Statistical analysis was conducted using the SPSS software (10.0) and data are reported as means ± SEM. The Student t-test was used for time-matched group comparisons. A two-tailed P value of less than 0.05 was considered to be significant.
Expression of nNOS protein
Immunohistochemical staining detected a wide distribution of nNOS in developing hippocampi of FMR1 KO and WT mice. Positive staining was observed in all developing FMR1 KO and WT mice, localizing diffusely as well as to the neuronal cytoplasm (Figure 1). Among all the time points, the most robust overall immunoreactivity in both genotypes was observed in hippocampi of P7 mice (Figure 1). However, in the FMR1 KO group nNOS immunoreactivity intensity particularly in neuronal cell bodies decreased at P14 and P21 and then increased at P28 (see Figure 1B, D, F, and H). There was no obvious decrease in neuronal perikaryon staining intensity in the WT group at P14 and P21 (see Figure 1A, C, E, and G). In order to substantiate the qualitative immunostaining findings, protein levels of hippocampal nNOS were examined at each time point by Western blot analysis. In agreement with the immunohistochemical findings, the level of nNOS protein in the FMR1 KO group on P21 was significantly lower than that in the WT group (KO = 0.3015 ± 0.0897, WT = 1.7542 ± 0.5455; P < 0.05; Figure 2). The temporal profile of nNOS protein levels in the WT group demonstrated a decrease in protein levels at P14, followed by a significant increase by P21 that was maintained at P28 (Figure 2). FMR1 KO mice also presented a decrease in nNOS protein levels at P14. However, protein levels remained low at P21 and were significantly lower than those of WT mice at this age (Figure 2). The nNOS protein levels in FMR1 KO animals significantly increased to WT values by P28 (Figure 2). These data support the immunohistochemical findings of temporal differences in nNOS protein levels in the hippocampi of KO and WT mice. More importantly, they indicate that KO mice may present a temporal delay at P21 in a required increase in nNOS protein levels in the hippocampus.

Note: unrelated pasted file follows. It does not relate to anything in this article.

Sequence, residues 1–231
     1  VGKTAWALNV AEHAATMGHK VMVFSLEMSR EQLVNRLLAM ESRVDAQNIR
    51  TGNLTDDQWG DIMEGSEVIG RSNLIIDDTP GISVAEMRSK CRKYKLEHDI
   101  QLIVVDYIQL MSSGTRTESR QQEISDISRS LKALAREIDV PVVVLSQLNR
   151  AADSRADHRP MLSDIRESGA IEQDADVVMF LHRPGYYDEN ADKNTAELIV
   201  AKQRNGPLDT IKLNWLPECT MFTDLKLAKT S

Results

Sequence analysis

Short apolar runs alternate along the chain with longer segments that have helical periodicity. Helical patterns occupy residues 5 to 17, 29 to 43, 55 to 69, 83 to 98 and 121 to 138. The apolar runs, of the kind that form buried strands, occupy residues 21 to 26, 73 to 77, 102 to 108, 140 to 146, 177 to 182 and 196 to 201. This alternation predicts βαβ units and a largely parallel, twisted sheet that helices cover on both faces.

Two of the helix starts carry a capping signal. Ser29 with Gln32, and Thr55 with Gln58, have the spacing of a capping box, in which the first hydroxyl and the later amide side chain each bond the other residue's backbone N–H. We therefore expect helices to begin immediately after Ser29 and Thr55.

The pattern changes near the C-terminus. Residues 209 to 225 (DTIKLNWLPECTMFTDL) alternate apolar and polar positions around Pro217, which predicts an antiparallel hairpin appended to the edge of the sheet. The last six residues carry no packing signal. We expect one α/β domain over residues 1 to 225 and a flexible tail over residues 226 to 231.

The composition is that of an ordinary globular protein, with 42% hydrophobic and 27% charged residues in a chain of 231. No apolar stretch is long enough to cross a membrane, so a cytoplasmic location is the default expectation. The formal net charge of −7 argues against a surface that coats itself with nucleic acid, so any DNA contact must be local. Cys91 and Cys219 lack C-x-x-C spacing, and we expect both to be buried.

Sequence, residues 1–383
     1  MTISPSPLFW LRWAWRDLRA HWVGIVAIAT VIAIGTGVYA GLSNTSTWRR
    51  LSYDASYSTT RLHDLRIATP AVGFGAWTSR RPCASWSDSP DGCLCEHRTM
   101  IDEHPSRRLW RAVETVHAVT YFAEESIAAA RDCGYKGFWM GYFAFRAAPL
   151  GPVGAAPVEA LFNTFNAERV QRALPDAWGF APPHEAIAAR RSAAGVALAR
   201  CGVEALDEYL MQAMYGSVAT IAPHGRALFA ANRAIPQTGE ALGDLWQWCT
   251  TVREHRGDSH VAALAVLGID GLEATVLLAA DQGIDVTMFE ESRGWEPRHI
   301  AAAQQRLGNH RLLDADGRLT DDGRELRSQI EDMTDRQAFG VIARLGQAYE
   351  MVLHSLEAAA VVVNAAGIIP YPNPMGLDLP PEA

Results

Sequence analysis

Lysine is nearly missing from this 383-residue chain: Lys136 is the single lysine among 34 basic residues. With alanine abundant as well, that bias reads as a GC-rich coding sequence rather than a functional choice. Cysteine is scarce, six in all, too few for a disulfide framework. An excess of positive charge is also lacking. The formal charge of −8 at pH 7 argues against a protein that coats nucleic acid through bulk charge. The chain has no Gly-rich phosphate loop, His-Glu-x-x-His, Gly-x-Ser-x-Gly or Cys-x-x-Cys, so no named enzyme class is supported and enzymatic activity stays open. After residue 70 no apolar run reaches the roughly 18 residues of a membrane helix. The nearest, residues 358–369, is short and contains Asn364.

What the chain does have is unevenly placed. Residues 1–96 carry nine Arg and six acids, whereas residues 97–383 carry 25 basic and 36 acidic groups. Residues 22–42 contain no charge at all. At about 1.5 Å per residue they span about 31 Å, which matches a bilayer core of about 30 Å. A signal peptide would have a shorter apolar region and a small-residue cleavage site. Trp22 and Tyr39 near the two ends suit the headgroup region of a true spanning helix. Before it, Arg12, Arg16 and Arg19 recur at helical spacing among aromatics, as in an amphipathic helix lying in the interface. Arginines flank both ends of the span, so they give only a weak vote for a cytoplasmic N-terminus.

Expression of nNOS mRNA
In order to determine whether the changes in nNOS protein levels might be due to transcriptional regulatory differences, nNOS mRNA levels were compared at each age (P7, P14, P21, and P28) for each genotype. The profiles of the trends of nNOS mRNA expression changes in the FMR1 KO and WT groups were similar. The levels of nNOS mRNA were lower at P7, significantly increased at P14, significantly decreased at P21, and remained at those levels on P28 (Figure 3). However, at P21 the FMR1 KO mice showed significantly less mRNA compared to WT mice (KO = 0.2857 ± 0.0150, WT = 0.5646 ± 0.0657; P < 0.05; Figure 3). This significant reduction in nNOS mRNA levels at P21 corresponded precisely with the significantly lower levels of nNOS protein in FMR1 KO mice at this age (Figure 2).
[View larger version of this image (225 K JPG file)]
[View larger version of this image (46 K JPG file)]
[View larger version of this image (33 K JPG file)]
Current thought regarding spine morphogenesis assumes that spines begin as filopodia, proceed to thin or stubby spines and ending as mushroom spines (12). However, the neuropathology associated with FXS exhibits significantly longer dendritic spines and fewer shorter spines, as well as more spines with immature appearing morphology and fewer with mature appearing morphology. This has been demonstrated in both FXS brains (3,13,14) and in brains of FMR1 KO mice, an animal model of FXS (4,15).
In the first to second postnatal week, numerous dendritic filopodia extend to form synaptic contacts with axons (16). At P14, filopodia shrink and more spines are formed (5). At P21, most filopodia complete a functional and morphological transition to spines, suggesting that P21 is a critical period for spinogenesis and synaptogenesis (11,17-19). Subsequent to this, synaptic maturation and stabilization proceed on until P28 (5).